Scientists may have just found a major new clue that could help solve the frustrating and ongoing mystery of the migraine.
Using ultra-high-resolution MRI, researchers found that perivascular spaces – fluid-filled spaces around the brain's blood vessels – are unusually enlarged in patients who experience both chronic and episodic migraine.
Although the link to or role in migraine is yet to be established, the finding could represent an as-yet unexplored avenue for future research.
The discovery was presented at the 108th Scientific Assembly and Annual Meeting of the Radiological Society of North America.
"In people with chronic migraine and episodic migraine without aura, there are significant changes in the perivascular spaces of a brain region called the centrum semiovale," says medical scientist Wilson Xu of the University of Southern California in Los Angeles.
"These changes have never been reported before."
Migraine, let's not mince words, is hell to live with. Although the excruciating headache aspect of it is well known, migraine can also cause vertigo, visual impairment (known as aura), photosensitivity, and nausea to the point of vomiting. It's unknown what causes migraine, there's no cure, and in many cases, the condition is unresponsive to treatment.
The condition affects an estimated 10 percent of the global population. So finding a cause and more effective management strategies would improve the lives of millions.
Xu and his colleagues were curious about the perivascular spaces in the centrum semiovale, the central region of brain white matter directly below the cerebral cortex. The function of these spaces is not completely understood; they do play a role in fluid movement drainage, and their enlargement can be a symptom of a larger problem.
"Perivascular spaces are part of a fluid clearance system in the brain," Xu says. "Studying how they contribute to migraine could help us better understand the complexities of how migraines occur."
He and his colleagues recruited 20 patients between the ages of 25 and 60 with migraine: 10 who experience chronic migraine without aura, and 10 who experience episodic migraine. In addition, 5 healthy patients who don't experience migraines were included as a control group.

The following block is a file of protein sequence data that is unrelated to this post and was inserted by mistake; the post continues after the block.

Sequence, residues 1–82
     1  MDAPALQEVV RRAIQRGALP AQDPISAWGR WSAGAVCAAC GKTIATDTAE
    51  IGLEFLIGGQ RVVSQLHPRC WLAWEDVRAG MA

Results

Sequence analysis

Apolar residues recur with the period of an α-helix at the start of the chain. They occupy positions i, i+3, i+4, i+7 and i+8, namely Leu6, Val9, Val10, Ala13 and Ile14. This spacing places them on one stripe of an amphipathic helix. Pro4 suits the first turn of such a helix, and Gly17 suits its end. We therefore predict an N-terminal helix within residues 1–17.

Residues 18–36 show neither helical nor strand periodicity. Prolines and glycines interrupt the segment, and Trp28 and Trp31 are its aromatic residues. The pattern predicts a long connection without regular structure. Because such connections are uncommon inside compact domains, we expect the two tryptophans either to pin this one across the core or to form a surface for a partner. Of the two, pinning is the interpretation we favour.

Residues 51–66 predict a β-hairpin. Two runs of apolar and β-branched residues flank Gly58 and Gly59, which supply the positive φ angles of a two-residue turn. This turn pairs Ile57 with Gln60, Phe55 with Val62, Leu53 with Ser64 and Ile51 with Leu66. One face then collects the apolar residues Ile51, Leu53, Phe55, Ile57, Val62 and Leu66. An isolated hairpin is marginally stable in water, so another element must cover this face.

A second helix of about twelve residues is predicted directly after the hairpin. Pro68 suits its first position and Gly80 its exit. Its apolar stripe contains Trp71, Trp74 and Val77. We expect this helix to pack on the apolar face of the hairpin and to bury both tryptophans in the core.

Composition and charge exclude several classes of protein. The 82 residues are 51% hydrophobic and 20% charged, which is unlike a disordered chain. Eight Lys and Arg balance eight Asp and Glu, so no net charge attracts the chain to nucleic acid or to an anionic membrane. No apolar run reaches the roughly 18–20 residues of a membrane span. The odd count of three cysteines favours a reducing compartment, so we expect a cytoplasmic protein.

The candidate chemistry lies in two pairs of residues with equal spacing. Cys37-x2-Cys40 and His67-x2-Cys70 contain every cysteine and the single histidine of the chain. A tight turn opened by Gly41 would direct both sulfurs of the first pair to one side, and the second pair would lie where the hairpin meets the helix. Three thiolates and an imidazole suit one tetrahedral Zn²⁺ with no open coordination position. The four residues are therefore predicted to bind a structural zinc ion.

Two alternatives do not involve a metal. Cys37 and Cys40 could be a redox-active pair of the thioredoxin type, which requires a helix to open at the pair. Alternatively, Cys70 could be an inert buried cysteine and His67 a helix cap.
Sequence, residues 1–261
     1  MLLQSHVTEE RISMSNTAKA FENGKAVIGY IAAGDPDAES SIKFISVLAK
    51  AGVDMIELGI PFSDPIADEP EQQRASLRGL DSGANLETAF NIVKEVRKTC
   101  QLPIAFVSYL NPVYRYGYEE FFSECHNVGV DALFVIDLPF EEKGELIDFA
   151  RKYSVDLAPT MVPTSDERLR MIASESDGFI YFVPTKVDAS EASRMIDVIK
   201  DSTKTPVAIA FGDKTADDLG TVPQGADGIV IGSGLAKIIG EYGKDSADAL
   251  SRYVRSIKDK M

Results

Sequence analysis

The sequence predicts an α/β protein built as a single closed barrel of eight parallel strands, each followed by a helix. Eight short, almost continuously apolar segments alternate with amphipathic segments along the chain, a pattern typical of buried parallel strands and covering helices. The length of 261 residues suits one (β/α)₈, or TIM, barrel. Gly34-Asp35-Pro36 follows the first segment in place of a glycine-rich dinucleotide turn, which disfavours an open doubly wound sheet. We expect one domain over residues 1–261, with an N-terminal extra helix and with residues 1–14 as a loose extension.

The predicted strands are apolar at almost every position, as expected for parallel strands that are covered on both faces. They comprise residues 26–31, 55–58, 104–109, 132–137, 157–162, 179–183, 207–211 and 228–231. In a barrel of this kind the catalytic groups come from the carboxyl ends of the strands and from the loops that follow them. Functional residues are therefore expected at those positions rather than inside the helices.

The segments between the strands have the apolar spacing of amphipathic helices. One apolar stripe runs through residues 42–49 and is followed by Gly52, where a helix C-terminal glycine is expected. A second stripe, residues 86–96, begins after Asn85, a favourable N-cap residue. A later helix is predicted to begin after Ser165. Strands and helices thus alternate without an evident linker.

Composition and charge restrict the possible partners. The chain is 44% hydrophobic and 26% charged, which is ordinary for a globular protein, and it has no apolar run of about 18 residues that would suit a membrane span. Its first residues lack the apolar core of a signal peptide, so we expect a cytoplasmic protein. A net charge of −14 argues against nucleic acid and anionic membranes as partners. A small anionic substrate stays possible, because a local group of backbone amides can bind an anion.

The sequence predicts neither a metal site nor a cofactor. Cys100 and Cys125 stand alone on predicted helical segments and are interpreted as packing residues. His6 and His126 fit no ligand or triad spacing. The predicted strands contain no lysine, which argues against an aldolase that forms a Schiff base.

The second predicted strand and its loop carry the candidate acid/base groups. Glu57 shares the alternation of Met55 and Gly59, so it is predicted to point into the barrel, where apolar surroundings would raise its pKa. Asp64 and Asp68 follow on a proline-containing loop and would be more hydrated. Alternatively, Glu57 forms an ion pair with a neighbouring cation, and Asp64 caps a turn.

The team ruled out patients with cognitive impairment, claustrophobia, brain tumor, or who had previously had brain surgery. Then, they conducted MRI scans using an ultra-high-field MRI with a 7-tesla magnet. Most hospital scanners only have magnets up to 3 tesla.
"To our knowledge, this is [the] first study using ultra-high-resolution MRI to study microvascular changes in the brain due to migraine, particularly in perivascular spaces," Xu explains.
"Because 7T MRI is able to create images of the brain with much higher resolution and better quality than other MRI types, it can be used to demonstrate much smaller changes that happen in brain tissue after a migraine."
The scans revealed that the perivascular spaces in the centrum semiovale of patients with migraine were significantly enlarged compared to the control group.
Researchers also found a difference in the distribution of a type of lesion known as white matter hyperintensities in migraine patients. These are caused by tiny patches of dead or partially dead tissue starved by a curtailed blood flow, and they're pretty normal.
There was no difference in the frequency of these lesions between the migraine patients and the control patients, but the severity of deep lesions in migraine sufferers was higher.
This suggests, the researchers believe, that the enlargement of perivascular spaces could lead to future development of more white matter lesions.
Although the nature of the link between enlarged perivascular spaces and migraine is unclear, the results suggest that migraine comes with a problem with the brain's plumbing – the glymphatic system responsible for waste clearance in the brain and nervous system. It utilizes perivascular channels for transport.
More work is needed to explore this correlation, but even identifying it is promising.
"The results of our study could help inspire future, larger-scale studies to continue investigating how changes in the brain's microscopic vessels and blood supply contribute to different migraine types," Xu says.
"Eventually, this could help us develop new, personalized ways to diagnose and treat migraine."
The research has been presented at the 108th Scientific Assembly and Annual Meeting of the Radiological Society of North America.